Federal prosecutors in the cases against accused members of Danville’s Milla Bloods and Rollin 60s Crips have motioned to drop multiple use of a firearm charges against defendants. That could mean as many as 24 dropped charges across the two cases.

Filed May 31, the motion identifies four use of firearm charges — those connected to the attempted murders of Armonti Womack, Dwight Montel Harris, Justion Wilson and Tyliek Conway —across the two racketeering cases to drop. Government attorneys are seeking to dismiss those charges “for reasons related to judicial economy, prosecutorial resources and prosecutorial discretion,” the motion states.

Twenty defendants were charged across the two cases in connection to multiple attempted murders and the murder of Christopher Lamont Motley in 2016. Of those 20, eight have pleaded guilty to charges against them. Another defendant, who is charged in connection to many of the same events as the 20, also pleaded guilty.

Fights to dismiss charges have spanned the entire case, but one of the first motions to dismiss some of the charges the government now wishes to void came in January. Defense attorney Paul Beers argued that his client, Jalen Cormarrius Terry, should not face two charges of using a firearm because they lack predicate crimes of violence as based on reasoning laid out in a U.S. Supreme Court case. The two gun charges are based on two separate counts of assault with a dangerous weapon — termed VICAR crimes — counts that Beers contends are insufficient to warrant the gun charges against Terry.

“The question presented in [the Supreme Court case] was the same as the question presented here: Whether a count alleging the defendant committed a VICAR assault with a dangerous weapon in aid of racketeering qualifies as a crime of violence,” the motion states.

The prosecution did not agree with the argument in its motion but has moved to drop the charges anyway.

All told, 37 counts could be dropped, but 13 of those are against defendants who have already pleaded guilty across the two cases. Of the defendants who have yet to stand trial or plead guilty, 24 charges remain. All nine pleas — except Dashawn Romeer Anthony’s — were solely to one count of racketeering conspiracy. If defendants abide by the conditions of their plea agreements, multiple court papers state, the government will move to dismiss any remaining charges against them.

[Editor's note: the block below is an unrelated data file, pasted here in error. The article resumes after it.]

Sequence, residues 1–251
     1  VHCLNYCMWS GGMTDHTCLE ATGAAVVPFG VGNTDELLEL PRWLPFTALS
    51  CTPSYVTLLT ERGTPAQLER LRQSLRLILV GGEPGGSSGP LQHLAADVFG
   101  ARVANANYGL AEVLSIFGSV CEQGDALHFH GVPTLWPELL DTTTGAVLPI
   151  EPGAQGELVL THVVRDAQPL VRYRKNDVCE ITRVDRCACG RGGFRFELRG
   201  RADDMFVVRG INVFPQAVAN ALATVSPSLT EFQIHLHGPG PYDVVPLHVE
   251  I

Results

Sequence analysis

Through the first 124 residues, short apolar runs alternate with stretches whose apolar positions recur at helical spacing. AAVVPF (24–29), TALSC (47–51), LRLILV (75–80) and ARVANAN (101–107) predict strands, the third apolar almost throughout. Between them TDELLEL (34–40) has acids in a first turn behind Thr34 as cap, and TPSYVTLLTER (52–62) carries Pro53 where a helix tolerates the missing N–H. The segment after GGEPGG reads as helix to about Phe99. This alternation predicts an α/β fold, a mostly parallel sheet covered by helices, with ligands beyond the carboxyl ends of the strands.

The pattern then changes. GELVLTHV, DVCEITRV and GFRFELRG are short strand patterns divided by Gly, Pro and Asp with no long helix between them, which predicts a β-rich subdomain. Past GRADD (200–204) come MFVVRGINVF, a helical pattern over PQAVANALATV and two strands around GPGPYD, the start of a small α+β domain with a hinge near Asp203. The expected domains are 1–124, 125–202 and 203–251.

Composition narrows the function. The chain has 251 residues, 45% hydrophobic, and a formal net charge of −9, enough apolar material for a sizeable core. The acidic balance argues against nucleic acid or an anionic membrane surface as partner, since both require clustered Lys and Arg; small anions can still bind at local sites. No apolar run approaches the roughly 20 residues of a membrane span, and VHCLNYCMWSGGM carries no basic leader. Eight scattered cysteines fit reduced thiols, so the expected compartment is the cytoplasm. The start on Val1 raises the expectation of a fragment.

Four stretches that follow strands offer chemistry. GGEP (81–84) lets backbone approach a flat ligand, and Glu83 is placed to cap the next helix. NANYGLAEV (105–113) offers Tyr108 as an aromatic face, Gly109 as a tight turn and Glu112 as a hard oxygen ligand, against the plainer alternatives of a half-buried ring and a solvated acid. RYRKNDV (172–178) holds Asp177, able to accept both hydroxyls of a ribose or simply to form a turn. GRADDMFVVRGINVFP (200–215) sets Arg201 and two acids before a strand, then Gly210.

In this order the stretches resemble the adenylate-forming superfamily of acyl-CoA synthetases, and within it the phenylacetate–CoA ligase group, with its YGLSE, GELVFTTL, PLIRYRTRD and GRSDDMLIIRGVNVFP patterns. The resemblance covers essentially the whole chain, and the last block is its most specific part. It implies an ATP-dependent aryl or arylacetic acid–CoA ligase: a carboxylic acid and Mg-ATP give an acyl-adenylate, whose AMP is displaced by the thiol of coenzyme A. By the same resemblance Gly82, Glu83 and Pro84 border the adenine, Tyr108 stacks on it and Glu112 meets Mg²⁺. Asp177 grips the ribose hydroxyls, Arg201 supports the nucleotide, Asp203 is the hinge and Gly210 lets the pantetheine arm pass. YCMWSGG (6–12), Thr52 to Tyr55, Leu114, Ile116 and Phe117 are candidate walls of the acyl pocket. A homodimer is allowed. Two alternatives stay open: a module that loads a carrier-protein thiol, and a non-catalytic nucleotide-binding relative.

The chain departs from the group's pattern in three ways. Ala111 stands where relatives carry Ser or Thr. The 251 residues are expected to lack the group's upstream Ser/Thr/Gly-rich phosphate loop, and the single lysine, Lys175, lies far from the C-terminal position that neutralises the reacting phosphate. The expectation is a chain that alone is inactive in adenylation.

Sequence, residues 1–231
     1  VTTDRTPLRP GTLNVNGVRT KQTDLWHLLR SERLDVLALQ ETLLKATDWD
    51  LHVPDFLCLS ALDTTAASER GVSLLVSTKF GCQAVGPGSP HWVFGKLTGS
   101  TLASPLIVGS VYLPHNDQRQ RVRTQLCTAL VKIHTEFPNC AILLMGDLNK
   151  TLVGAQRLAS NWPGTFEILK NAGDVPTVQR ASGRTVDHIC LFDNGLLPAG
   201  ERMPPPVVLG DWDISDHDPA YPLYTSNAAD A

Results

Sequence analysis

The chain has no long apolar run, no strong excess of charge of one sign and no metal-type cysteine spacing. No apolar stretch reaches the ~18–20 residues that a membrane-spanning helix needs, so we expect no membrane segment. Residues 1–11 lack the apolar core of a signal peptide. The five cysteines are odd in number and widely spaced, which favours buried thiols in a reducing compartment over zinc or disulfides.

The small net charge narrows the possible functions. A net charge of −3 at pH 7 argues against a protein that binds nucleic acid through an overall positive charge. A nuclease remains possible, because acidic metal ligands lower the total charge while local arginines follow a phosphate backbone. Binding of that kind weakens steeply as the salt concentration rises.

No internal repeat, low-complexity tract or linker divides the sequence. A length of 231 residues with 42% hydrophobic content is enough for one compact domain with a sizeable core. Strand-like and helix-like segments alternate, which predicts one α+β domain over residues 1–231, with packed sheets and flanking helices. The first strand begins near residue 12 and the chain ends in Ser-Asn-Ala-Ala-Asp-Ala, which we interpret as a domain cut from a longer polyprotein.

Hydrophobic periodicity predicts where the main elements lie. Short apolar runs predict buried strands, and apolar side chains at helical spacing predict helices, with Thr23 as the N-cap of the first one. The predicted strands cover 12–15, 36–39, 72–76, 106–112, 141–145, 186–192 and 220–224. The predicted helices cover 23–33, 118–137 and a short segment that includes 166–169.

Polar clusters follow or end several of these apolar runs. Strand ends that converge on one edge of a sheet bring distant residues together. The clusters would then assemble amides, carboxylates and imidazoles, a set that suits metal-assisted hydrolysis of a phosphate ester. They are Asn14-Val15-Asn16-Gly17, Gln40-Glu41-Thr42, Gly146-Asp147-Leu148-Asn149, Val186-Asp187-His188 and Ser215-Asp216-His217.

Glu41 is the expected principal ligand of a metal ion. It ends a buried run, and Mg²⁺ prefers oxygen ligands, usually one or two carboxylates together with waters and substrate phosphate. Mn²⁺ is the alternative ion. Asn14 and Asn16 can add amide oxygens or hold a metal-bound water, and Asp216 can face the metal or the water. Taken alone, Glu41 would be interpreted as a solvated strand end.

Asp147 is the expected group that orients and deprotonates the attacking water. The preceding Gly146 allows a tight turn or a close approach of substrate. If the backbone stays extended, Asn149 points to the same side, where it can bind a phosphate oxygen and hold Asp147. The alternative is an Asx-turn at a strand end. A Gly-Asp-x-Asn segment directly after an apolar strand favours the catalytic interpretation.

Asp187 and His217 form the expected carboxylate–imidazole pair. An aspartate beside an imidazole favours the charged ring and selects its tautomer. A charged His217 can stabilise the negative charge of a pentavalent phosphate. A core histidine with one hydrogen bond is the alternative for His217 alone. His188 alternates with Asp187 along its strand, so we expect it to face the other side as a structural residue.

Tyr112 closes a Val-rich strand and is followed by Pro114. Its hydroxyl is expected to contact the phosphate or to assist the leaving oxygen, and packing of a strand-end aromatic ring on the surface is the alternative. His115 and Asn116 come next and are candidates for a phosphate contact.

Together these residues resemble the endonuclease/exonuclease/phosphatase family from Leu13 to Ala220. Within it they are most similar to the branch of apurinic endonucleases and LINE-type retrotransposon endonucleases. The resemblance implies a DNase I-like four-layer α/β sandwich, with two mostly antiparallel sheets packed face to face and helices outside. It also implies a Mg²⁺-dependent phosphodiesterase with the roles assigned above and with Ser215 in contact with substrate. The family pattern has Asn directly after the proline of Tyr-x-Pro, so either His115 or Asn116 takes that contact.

According to court documents, the charges that could be dropped stem from gang shootings, including Motley’s on Aug. 20, 2016. After allying with each other, the Millas and the Rollin 60s devised a plan to shoot and kill the leader of a rival Bloods-affiliated gang, called the Billys, court documents state. Anthony, who is accused of being ranking member in the Millas organization, called the rival gang members and antagonized them. Then, armed members of both gangs fanned out throughout the Southwyck Hills Apartments to set an ambush for the gang. They were targeting the Billy’s leader and second-in-command.

When a white van pulled into the parking lot, they opened fire from multiple directions, hitting and killing Motley, who was a passenger in the vehicle, according to court documents.

The Millas case is set for trial in Jan. 2020; the prosecution also intends to motion for it to be held in Danville. The Rollin 60s are scheduled for trial in October.

Whitlow writes for the Register & Bee. Contact him at (434) 791-7983.

Whitlow writes for the Register & Bee. Contact him at (434) 791-7983.

Recommended for you

(0) comments

Welcome to the discussion.

Keep it Clean. Please avoid obscene, vulgar, lewd, racist or sexually-oriented language.
PLEASE TURN OFF YOUR CAPS LOCK.
Don't Threaten. Threats of harming another person will not be tolerated.
Be Truthful. Don't knowingly lie about anyone or anything.
Be Nice. No racism, sexism or any sort of -ism that is degrading to another person.
Be Proactive. Use the 'Report' link on each comment to let us know of abusive posts.
Share with Us. We'd love to hear eyewitness accounts, the history behind an article.